Here’s how can you add family history documents you’ve grabbed with the Evernote web clipper to your tree on FamilySearch!
Recently Zooey wrote in with this question: “I’ve clipped numerous things for my ancestors [with the Evernote web clipper] that I want to put in FamilySearch. How do I do it under Documents?”
Good for Zooey for having her genealogy sources organized in Evernote–and for wanting to cite her sources on her FamilySearch family tree. Here’s how to do it:
FamilySearch Documents support the following file types: .pdf, .jpg, .tif, .bmp, and .png. Since it doesn’t currently have an “import from Evernote” feature, you’ll need to export the web clippings from Evernote and then upload them to FamilySearch.
Earlier this year I wrote an article on our blog entitled “Here’s a Cool Way to Export a Web Clipping from Evernote.” The article will walk you through exporting your Evernote web clippings as pdf files, which FamilySearch Documents can then accept as uploads.
More Evernote for Genealogy Tips on the Genealogy Gems Website:
You can find all our past articles on using Evernote for genealogy (including the one I mentioned) at the home page of our website. On the left, just under the main red menu, you will see a drop down menu called “Select Content by Topic.” Click the down arrow and select “Evernote” from the list. This will display all our past Evernote articles on your screen starting with the most recent. Or get started with these great how-tos:
How to Use Evernote for Genealogy: The Ultimate Education
Evernote for Genealogy: What It Is, and Why You Would Use It (FREE VIDEO!)
How to Use Evernote for Genealogy and Family History: Handwriting, OCR, Video and Upload Answers (FREE VIDEO!)
Thank you for sharing this post with others. We would all love our online trees to be better sourced–and for others’ trees to be better sourced, too.
The Texas State Genealogical Society 2015 Family History conference kicks off in less than 2 weeks. I’ll be there! Can you come? Here’s a discount code just for Gems fans!
My home state of Texas does EVERYTHING in a big way. So it’s no surprise the upcoming Texas genealogy conference will pack so much into their 2-day event, October 31 – November 1. Here’s a run-down of the weekend AND my friends-and-family discount code that you can use to save on registration.
2 KEYNOTE SPEAKERS. I’m looking forward to sharing the keynote stage with J. Mark Lowe, an expert genealogist and a very skilled and fun teacher. I think we’ll all have a lot of fun during these presentations.
GET-IT-DONE WORKSHOPS. Come and learn super practical skills to move your family history research ahead! I’m teaching “Learn How to Time Travel with Google Earth” and “How to Use Evernote for Genealogy” (Levels 1 and 2). Mark will teach a workshop on Genealogical Research in the South and another called “Following a Case through Court.”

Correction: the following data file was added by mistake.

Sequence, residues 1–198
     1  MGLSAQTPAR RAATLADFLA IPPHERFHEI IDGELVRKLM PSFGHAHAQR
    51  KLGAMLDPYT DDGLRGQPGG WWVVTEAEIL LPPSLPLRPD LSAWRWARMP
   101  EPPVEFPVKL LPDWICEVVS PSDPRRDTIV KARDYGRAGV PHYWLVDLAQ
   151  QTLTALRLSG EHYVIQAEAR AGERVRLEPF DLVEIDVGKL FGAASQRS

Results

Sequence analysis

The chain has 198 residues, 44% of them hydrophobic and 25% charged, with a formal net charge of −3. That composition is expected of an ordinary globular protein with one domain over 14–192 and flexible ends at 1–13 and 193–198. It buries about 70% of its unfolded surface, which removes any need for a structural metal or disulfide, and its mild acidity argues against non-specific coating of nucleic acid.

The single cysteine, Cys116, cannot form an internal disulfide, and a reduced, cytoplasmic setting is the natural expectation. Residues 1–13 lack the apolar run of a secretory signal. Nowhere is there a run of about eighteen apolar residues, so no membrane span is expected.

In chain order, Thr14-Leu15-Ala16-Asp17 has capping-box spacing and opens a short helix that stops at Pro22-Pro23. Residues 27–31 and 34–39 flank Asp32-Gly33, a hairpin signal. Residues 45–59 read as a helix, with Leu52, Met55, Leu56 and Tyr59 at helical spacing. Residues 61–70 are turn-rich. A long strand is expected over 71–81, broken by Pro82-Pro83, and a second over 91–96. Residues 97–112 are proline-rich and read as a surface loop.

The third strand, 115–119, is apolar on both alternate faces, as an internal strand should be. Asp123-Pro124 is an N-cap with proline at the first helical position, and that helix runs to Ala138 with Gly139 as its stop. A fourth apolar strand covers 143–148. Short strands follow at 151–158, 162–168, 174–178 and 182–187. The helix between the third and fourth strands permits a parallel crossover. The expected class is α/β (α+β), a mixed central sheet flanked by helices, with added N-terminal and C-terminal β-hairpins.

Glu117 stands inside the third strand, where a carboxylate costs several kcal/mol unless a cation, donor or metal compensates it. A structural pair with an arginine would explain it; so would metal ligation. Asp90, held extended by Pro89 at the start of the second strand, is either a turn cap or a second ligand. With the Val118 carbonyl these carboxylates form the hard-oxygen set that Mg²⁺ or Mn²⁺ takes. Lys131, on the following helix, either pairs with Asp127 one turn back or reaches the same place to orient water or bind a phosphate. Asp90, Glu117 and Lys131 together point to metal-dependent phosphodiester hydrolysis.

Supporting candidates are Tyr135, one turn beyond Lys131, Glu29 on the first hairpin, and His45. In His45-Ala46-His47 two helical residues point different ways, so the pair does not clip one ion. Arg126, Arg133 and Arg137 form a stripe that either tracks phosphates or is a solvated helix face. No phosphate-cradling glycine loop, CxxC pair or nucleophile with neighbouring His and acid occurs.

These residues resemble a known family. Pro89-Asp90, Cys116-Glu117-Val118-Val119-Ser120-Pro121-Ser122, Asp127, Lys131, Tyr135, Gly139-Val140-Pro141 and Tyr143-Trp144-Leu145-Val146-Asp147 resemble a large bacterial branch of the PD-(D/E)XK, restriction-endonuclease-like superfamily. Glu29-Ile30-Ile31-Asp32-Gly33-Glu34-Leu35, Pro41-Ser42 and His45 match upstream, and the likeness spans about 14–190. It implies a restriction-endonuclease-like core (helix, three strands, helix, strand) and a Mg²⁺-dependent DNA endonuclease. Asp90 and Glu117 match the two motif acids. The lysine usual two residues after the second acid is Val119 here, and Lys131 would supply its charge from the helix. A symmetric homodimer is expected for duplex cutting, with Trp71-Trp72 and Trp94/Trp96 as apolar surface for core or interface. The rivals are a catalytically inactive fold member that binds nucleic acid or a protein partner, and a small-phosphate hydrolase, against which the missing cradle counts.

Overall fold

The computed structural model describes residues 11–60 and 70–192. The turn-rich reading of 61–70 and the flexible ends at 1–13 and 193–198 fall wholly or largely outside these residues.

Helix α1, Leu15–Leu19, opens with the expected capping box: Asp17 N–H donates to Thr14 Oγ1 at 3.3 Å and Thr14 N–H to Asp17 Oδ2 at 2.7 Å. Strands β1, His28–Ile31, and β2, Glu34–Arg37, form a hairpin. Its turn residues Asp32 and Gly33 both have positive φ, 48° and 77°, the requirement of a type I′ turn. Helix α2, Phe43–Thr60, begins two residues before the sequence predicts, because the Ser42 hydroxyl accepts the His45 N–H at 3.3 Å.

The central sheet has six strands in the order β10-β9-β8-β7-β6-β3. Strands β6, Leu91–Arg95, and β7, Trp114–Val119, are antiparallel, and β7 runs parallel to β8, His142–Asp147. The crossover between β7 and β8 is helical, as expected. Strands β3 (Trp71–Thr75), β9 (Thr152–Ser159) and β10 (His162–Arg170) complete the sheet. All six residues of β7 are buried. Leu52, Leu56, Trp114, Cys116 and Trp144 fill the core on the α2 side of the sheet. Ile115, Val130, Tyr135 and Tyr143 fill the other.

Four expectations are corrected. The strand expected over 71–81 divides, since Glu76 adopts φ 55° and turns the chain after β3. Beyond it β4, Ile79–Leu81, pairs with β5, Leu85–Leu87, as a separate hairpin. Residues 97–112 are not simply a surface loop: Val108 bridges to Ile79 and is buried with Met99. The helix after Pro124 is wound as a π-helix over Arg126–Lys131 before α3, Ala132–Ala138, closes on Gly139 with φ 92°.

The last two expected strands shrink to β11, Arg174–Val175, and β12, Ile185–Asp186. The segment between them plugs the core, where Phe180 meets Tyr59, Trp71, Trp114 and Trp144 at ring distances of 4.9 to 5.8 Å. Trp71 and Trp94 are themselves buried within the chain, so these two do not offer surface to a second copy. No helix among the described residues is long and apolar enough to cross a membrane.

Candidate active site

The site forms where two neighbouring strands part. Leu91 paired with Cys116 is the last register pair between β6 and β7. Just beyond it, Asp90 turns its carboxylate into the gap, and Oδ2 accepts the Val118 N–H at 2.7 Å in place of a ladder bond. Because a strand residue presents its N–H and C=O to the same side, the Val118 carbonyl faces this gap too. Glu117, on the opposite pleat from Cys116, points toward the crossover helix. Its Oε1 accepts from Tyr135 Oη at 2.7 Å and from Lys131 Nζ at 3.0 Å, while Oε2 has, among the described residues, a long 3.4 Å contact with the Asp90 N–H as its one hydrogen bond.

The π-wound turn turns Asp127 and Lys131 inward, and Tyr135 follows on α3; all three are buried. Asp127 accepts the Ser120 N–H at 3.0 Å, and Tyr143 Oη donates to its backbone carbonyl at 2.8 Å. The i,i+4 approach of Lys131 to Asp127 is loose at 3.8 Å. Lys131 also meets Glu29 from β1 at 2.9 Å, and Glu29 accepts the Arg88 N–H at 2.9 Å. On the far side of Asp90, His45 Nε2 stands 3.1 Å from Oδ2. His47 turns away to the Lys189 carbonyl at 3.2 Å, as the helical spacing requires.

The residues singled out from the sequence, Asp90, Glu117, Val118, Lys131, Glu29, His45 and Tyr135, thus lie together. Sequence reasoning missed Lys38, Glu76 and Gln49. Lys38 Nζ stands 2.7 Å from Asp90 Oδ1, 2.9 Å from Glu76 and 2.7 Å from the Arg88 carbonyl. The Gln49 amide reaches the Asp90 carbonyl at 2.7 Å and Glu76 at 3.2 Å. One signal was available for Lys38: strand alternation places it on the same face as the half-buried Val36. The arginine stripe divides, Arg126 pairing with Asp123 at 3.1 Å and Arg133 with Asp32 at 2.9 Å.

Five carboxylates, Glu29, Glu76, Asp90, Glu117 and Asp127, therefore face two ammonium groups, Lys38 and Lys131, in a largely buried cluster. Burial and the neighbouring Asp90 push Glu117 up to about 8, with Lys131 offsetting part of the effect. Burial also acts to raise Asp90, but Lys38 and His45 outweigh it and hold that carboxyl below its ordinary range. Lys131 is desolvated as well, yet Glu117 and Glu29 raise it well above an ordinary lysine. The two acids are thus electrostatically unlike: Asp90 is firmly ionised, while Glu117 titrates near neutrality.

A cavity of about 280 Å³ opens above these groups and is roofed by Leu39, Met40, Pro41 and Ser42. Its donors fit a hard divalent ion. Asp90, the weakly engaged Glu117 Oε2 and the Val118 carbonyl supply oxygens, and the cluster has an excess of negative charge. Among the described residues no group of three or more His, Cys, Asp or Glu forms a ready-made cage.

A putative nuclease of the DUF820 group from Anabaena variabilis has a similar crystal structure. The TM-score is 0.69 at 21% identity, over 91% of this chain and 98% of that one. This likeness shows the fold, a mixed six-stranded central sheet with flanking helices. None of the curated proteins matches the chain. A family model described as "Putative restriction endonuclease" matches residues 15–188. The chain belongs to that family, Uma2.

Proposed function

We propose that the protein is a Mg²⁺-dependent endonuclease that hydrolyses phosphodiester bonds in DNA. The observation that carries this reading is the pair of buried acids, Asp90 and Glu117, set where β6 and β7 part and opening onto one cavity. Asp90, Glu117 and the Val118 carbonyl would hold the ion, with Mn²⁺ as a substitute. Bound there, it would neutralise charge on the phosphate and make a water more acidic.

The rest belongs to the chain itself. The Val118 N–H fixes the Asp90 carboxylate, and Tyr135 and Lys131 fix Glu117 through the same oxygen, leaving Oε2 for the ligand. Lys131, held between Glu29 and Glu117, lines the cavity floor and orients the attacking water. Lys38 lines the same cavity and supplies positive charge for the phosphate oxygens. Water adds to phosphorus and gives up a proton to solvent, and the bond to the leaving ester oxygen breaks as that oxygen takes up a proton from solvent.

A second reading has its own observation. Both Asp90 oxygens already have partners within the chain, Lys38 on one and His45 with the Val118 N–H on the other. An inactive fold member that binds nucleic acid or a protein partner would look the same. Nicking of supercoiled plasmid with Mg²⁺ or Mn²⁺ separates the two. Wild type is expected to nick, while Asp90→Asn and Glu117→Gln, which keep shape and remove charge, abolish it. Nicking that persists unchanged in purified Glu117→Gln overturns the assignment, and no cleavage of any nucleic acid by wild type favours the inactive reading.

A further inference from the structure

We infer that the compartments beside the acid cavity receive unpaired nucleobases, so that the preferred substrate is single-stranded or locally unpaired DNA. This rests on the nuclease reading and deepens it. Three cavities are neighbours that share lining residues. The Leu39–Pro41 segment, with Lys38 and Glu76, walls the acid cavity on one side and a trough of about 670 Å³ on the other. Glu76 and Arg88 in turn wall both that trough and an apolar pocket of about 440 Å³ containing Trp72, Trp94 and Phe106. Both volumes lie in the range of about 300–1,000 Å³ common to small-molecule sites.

43 CLASSES IN 14 TRACKS. Beginners are welcome–and intermediate/advanced researchers will have plenty to chew on–during 2 days of breakout sessions with topics that include: Genealogy for Beginners, DNA, African-American Research, Courthouse Records & Records Loss, Adoption, Hispanic Research, Methodology, Libraries & Repositories, Historical Context, Societies & Communities, and Digital Genealogy.
Early-bird registration has officially ended, but I have coupon code that passes on my friends-and-family discount to YOU. Use coupon code family20 to get $20 off the $150 fee for the full 3-day registration or coupon code family10 to get $10 off any single-day registrations. Click here to register now.
P.S. You can share this code with YOUR friends and family! Please do, in fact! Thank you!
Click below to read more about attending genealogy conferences:
The Benefits of Attending Genealogy Conferences: Podcast interview with Dick Eastman. Listen for free!
Where Should You Sit at a Genealogy Conference?
One of my favorite Google Search Operators is the Tilde (`) which is Google lingo means Synonym. In the past you could add~genealogy to your searches and Google would look for ‘genealogy’, ‘family history’, ‘ancestry’ etc. Unfortunately, it is no more.
Google explained the decision to do away with synonym search this way: “Why? Because too few people were using it to make it worth the time, money, and energy to maintain…Maintaining ALL of the synonyms takes real time and costs us real money. Supporting this operator also increases the complexity of the code base.”
So now, more than ever, it’s important to choose your keywords wisely and think like the person who may be posting information you are looking for. You may think train history, but experts on the subject may be using railroad or locomotive as they write on their website. The good news is you can include all the options in your search query.
Genealogy Gems Premium Video: Ultimate Google Search Strategies